For example, as well as personalising or disabling touch pad gestures and opting for a static or pulsing light effect, you can also adjust the touch pad’s default pointer speed and analogue stick sensitivity, plus invert the X / Y axis as standard. There are also options to calibrate the analogue stick if you find it needs re-centring, and you can also fine-tune its dead zone as well – which is the area where the stick thinks it’s centred. Likewise, you can also tell it to disable additional functions when the Fn Lock is switched on, such as the touch pad, Shift+Tab, Alt+F4 and the Windows key.

There’s a lot to like about the Corsair K83 Wireless, but at the end of the day I think it’s just a bit too fiddly to warrant a wholehearted recommendation, especially when it’s going to set you back £100 / $100. That’s a hefty sum of money for something that never truly feels like it’s succeeding at replacing either a lapboard or a controller, and it also requires a lot of time and effort to set it up properly, whether it’s through iCUE or in the games themselves. That’s not very living room-friendly, where I’d argue a lot of people potentially looking to use it, such as kids, parents or non-gaming partners, would just expect it to work as they’d expect straight off the bat.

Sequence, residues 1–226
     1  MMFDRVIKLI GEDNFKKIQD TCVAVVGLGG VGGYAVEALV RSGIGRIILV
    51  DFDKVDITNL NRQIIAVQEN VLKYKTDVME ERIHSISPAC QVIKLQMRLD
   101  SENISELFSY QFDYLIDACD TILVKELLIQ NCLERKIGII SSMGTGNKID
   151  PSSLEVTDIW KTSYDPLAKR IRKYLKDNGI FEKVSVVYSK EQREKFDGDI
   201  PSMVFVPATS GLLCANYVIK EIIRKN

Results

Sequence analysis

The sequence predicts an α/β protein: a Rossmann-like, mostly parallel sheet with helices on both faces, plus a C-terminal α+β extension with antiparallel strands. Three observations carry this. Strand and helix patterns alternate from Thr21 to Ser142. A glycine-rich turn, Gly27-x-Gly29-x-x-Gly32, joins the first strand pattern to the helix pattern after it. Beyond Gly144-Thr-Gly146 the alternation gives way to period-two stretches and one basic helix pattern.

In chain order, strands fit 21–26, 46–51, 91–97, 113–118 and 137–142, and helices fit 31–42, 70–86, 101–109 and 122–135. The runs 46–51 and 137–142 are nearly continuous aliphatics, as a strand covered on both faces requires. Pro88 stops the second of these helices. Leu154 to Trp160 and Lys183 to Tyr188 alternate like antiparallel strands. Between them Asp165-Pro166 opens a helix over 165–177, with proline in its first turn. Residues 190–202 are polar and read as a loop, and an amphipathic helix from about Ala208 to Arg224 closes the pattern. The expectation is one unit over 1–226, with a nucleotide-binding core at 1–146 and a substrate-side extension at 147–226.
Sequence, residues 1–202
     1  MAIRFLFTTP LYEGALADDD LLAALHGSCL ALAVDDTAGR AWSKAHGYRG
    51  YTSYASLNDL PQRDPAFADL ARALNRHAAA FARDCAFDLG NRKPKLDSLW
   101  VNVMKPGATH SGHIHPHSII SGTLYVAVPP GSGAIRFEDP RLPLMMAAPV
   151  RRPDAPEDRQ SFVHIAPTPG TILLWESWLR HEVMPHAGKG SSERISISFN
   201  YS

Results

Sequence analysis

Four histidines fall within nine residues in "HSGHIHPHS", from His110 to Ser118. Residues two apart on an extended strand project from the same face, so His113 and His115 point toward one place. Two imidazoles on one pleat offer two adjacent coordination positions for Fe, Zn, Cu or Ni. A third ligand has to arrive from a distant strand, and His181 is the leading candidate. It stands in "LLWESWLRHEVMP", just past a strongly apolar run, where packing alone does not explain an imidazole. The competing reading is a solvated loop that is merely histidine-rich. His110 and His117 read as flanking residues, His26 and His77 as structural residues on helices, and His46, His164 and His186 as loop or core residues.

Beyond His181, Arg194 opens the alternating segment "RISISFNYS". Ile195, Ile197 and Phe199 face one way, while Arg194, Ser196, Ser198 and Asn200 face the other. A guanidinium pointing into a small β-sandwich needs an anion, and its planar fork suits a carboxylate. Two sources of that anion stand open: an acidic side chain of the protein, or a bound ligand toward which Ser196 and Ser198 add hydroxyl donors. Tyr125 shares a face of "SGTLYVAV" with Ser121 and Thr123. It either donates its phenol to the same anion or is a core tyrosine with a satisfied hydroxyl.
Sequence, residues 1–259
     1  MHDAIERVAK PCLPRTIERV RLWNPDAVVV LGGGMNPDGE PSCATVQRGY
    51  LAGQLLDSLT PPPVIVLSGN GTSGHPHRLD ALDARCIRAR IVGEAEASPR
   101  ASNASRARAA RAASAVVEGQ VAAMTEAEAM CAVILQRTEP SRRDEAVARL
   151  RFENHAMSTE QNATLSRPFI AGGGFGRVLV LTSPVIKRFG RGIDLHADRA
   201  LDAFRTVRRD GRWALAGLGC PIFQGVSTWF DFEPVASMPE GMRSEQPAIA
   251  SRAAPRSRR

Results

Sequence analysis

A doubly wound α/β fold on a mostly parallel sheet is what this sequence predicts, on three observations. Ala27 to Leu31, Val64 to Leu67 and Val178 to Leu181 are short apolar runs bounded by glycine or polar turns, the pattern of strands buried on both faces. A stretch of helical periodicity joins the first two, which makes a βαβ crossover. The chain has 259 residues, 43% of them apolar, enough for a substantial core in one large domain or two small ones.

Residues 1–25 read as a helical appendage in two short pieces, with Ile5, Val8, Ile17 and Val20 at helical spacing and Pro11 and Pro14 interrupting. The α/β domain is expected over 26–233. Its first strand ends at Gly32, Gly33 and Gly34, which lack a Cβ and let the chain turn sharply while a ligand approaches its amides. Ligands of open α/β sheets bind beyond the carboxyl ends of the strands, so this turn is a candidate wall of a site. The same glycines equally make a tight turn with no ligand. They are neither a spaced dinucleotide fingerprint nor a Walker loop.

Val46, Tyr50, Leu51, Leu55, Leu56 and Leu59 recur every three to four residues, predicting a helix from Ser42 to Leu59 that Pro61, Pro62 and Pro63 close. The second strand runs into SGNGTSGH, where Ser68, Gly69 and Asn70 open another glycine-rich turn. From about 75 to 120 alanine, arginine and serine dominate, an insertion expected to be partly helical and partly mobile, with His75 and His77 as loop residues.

Don’t get me wrong. There are bits I really do like about the K83 Wireless, particularly the whole not having to worry about frantic pets getting caught up in any wires when they’re chasing each other through the living room part. But as much as I preferred using it to the Roccat Sova or a wired Xbox controller, there were also multiple times when I thought, ‘You know what, I really wish I had a proper mouse right about now,’ or, ‘Why am I not just using a controller?’

As compromises go, the K83 Wireless is a pretty good one for those who want the ease of wire-free gaming with a bit of onboard mouse control, but ultimately it’s a compromise nevertheless.

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Who am I?

Katharine Castle

Hardware Editor

Katharine writes about all the bits that go inside your PC so you can carry on playing all those lovely games we like talking about so much. Very partial to JRPGs and the fetching of quests.